From what I’ve understood they have been negotiating with at least a couple of parties already. I’d imagine finding buyers for a team with an image and expertise as good as Sauber has won’t be too difficult.
I’m tired of hearing the knee-jerk “we need a budget cap” response. It would never work for any number of reasons.
One example: how do you impose a fair spending limit on engine manufacturers who build power plants for different numbers of teams? If Mercedes supply four teams and Ferrari three, do Mercedes get to spend 33% more? That doesn’t work because you can’t differentiate between what is spent on research and development and what is spent on construction.
The budget cap is an easy answer which after a moment’s inspection turns out to be riddled with flaws, any one of them enough to compromise it totally. If having a budget cap was realistic we’d have one already.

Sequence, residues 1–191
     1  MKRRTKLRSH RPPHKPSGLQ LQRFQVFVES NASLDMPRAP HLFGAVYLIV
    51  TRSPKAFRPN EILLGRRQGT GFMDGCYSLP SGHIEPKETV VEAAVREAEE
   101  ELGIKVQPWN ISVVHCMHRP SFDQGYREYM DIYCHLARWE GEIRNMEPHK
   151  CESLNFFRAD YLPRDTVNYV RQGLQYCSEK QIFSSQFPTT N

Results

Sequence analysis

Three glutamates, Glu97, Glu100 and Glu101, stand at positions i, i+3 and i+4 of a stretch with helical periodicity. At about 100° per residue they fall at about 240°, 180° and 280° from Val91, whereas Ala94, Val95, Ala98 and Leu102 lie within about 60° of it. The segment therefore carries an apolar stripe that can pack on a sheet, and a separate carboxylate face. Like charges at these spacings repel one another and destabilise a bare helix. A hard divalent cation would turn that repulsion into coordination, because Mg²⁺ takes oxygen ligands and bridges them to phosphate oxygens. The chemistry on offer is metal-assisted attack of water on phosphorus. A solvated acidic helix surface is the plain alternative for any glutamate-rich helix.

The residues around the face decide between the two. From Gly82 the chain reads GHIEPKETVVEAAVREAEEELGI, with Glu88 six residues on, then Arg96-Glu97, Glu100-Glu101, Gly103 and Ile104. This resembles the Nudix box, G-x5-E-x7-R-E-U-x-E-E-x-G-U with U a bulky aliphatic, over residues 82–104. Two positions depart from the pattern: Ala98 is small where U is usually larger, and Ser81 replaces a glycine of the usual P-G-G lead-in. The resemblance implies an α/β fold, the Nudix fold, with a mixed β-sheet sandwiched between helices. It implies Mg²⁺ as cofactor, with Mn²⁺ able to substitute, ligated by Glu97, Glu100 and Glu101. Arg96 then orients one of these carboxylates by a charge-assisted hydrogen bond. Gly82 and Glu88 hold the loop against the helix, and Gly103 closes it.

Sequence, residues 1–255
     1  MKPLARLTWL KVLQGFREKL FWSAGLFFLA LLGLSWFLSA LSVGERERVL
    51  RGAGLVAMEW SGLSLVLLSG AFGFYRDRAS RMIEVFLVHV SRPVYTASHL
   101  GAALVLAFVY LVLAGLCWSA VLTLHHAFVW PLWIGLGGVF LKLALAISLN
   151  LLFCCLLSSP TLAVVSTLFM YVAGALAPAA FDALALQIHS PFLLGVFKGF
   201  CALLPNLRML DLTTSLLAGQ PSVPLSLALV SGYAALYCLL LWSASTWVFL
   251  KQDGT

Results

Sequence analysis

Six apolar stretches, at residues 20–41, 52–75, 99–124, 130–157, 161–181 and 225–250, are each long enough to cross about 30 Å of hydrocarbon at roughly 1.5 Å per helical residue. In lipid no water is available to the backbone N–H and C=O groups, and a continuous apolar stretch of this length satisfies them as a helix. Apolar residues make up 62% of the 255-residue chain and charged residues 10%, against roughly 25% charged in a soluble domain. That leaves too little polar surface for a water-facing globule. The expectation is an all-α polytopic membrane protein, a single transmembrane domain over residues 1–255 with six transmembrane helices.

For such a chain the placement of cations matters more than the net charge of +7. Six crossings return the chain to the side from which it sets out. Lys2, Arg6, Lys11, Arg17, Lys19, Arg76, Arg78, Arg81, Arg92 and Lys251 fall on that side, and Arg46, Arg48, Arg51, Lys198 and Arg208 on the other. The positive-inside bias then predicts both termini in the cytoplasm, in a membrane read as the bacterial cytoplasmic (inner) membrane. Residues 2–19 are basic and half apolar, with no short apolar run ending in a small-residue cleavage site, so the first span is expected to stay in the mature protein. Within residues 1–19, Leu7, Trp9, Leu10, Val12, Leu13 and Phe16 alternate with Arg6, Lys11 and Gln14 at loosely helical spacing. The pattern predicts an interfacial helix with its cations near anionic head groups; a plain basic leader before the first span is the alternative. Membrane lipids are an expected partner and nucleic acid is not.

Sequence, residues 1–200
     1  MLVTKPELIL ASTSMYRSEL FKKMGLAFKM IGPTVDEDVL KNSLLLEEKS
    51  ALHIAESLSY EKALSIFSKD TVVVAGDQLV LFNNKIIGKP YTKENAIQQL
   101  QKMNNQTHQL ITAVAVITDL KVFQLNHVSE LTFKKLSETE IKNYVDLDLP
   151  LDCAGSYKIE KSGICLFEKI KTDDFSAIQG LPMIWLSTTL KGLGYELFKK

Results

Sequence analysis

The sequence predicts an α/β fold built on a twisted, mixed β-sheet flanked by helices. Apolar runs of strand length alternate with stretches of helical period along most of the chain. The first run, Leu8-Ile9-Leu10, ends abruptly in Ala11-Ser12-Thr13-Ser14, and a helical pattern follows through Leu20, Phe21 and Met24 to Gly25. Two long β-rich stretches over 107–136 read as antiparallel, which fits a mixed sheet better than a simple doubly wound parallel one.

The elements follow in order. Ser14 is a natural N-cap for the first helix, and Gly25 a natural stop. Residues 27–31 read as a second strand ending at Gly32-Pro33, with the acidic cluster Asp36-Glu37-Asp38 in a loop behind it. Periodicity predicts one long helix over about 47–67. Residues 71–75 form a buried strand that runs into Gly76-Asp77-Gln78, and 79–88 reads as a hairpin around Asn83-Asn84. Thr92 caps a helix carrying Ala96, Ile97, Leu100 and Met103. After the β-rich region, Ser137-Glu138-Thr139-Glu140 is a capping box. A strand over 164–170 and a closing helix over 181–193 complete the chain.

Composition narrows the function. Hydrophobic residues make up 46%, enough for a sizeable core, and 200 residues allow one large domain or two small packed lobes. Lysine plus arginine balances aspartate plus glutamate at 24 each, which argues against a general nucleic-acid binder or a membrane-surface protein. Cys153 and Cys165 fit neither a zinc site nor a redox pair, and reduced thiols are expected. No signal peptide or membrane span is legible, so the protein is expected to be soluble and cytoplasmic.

And even if it did work, you could never convince all the other teams that it was being enforced. So there would be constant innuendo that one team (probably the one that was winning) was spending more than they were allowed to.
@keithcollantine You’re absolutely right. Costs absolutely have to come down but they need to come down organically. It would be a great shame if an historic team like Sauber have to go down for the rest of the grid to realise that.
Who’s next? Can Williams survive much longer in their current position? Can Caterham or Marussia? Would Torro Rosso survive if Red Bull decided they had no use for them?
Personally I’m tired of everyone pointing the finger a Monisha. F1 has always been an expensive sport and teams throw millions of dollars at trying to be number 1. Williams recent years are a clear indication of this. There cannot be one single person responsible for the financial issues at Sauber, would the same blame be pointed at Horner if it were RBR?